Individualized vaccines in cancer treatment
|26.2.2020||Posted by tactical33 under Advertising & Marketing|
Although the science of cancer vaccines has developed rapidly over the past few decades, researchers are facing a major bottleneck. Past cancer vaccines have often been developed for „common“ mutations; however, many mutations tend to be “patient-specific”. That is to say, a large number of mutations in one patient may not be reproduced in another patient. Therefore, the results were not that satisfactory.
One of the keys to individualized cancer vaccines is to accurately locate the „mutanome“ of the tumor and thereby select those mutations that will bring the optimal immune response. To do this, researchers first need to find mutations in cancer patients. At present, the commonly used method is to compare the similarities and differences between tumor samples and healthy tissue exomes by using NGS technology. However, there may be several limitations to this approach. One is that these tumor samples are often from biopsy of patients, while the small tumors obtained by biopsy may not be representative; the second is that the current analysis algorithm can only ensure the accuracy of SNV and insertion/deletion mutations (indels), but it is not accurate to reflect the impact of epigenetics, transcription, translation, post-translational modification on new cancer epitopes.
After finding a tumor mutation, researchers also need to make a choice and select the type of mutation that is most suitable for development into a vaccine. Limited to cost and technology, it is impossible to put all the mutations into the product, and only some of the mutant sequences are enough for the effector T cells to respond. Therefore, how to select the most immunogenic mutation under these constraints has become a key to the development of cancer vaccines.
At present, there is no consensus on how to select these mutations for subsequent development. But researchers have come up with several well-established principles, such as putting up requirements on the amount of expression of a mutant gene in a tumor, or on the ability of a mutation to produce a „presentable“ epitope. In addition, experience has also taught us that if a particular mutation is commonly expressed in multiple clones of a heterogeneous tumor, the potential for the mutation to become a vaccine may be higher.
One of the biggest challenges in clinical applications of individualized vaccines is how to make these vaccines quickly and deliver them to each patient in a timely manner. At present, there are many types of individualized cancer vaccines, including long polypeptides, RNA, DNA plasmids, viral vectors, engineered bacteria, and dendritic cells loaded with antigen. Depending on the type, the manufacturing cycle of cancer vaccines is also different. From the data obtained from clinical trials, this process takes 3-4 months, whether it is a peptide or RNA type, from mutation to vaccine development to vaccine administration. Therefore, patients have to be treated with other therapies while waiting. In the future, researchers expect to shorten this time to one month.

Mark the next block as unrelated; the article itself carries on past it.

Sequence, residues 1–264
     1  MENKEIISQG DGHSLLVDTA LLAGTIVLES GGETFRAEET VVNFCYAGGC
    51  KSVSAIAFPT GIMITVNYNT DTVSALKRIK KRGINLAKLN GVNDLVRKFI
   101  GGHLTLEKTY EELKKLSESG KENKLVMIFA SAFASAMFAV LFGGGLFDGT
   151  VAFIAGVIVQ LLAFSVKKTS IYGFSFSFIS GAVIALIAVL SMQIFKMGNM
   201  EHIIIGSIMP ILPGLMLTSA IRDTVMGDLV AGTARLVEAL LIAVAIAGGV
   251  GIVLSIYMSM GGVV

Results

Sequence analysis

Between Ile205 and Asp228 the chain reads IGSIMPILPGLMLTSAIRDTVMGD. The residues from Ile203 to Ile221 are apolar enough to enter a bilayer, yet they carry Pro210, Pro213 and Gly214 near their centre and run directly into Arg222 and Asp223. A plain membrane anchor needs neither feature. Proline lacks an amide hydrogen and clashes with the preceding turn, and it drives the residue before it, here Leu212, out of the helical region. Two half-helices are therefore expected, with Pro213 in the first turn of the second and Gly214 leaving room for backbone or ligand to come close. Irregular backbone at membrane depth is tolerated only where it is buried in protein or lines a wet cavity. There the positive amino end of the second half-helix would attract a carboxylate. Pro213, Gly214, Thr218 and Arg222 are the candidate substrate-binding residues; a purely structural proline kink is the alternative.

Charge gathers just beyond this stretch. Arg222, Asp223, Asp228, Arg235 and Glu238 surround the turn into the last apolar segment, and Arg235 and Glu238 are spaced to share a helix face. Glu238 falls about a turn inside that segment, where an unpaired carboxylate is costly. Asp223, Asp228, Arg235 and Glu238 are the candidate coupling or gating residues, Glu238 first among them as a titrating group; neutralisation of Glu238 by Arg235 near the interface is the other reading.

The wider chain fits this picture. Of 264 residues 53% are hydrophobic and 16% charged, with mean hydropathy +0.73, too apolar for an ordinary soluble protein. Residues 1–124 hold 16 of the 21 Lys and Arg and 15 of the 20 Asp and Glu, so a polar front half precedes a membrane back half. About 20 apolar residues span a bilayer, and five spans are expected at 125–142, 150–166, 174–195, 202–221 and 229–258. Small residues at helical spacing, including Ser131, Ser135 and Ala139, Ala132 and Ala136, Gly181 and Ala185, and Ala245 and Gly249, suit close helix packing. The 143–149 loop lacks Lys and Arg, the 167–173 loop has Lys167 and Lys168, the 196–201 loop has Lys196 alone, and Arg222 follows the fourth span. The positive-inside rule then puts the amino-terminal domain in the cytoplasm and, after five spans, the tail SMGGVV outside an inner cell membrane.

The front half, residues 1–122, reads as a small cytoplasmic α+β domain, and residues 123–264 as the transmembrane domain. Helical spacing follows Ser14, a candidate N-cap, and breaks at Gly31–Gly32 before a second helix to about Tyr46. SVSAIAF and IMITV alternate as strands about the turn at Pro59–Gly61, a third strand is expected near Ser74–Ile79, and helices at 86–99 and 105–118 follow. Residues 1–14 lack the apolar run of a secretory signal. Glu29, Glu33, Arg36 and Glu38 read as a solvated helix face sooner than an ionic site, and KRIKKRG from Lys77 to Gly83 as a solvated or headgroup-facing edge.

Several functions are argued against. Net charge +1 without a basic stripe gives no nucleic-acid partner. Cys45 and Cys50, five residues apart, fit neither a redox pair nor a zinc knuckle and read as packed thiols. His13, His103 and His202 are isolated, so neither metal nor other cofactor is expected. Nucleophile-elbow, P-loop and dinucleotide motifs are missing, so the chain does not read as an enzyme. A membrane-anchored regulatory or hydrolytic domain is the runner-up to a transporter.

Another challenge in the clinical application of individualized vaccines is to determine the best treatment strategy. For those patients whose immune system has not been inhibited, cancer vaccines are expected to perform surprisingly. For patients with large numbers of tumors, we should consider a combination of cancer vaccine and immune checkpoint inhibitors. This is because the cancer vaccine can turn „cold tumor“ into „hot tumor“, and up-regulate the level of PD-L1 in the tumor microenvironment, therefore the anti-PD-1/PD-L1 immunological checkpoint inhibitor can also be used. Currently, combinations of new epitope vaccines with PD-1/PD-L1, CTLA4, LAG-3, TIM-3, and TGF-β are being evaluated in a number of clinical trials.
The future prospect of individualized immunotherapy
In a review in Science, Dr. Ugur Sahin and Dr. Özlem Türeci pointed out that in the current context, “individualized treatment” is often synonymous with “patient stratification”. Grouping according to the patient’s biomarkers and developing specific treatments is a big step forward and has achieved good results, but in a narrow sense, this treatment concept has not yet achieved true individualization. Many cancer patients who do not have biomarkers that can be used for grouping also need effective treatments. At this point, cancer vaccines may bring a breakthrough.
It should also be admitted that although the cancer vaccine has broken through the key bottlenecks and has successfully entered clinical trials, the road ahead is still long. To make this innovative treatment popular, we also need to optimize clinical design, reduce production practices, increase production scale, and ensure patient access.
But the future prospect is bright after all. As our understanding of cancer biology deepens, with the introduction of new antigen epitope prediction algorithms (including the introduction of machine learning algorithms), and with the innovation of production technology, cancer vaccines are expected to truly become a type of cancer. Individualized therapy for treatment patterns. No matter what cancer the patient has, we can quickly provide an effective cancer vaccine to control their condition. We look forward to the early arrival of this day!
Fully aware of the importance of vaccines, Creative Peptides also provides neoantigen peptides vaccine that could be used in cancer immunotherapy. Since these vaccines are patient-specific, the effect would be more effective. Meanwhile, a whole range of custom peptide synthesis, modification, and analysis services are also available at Creative Peptides.
 Sahin et al., Science 359, 1355–1360 (2018)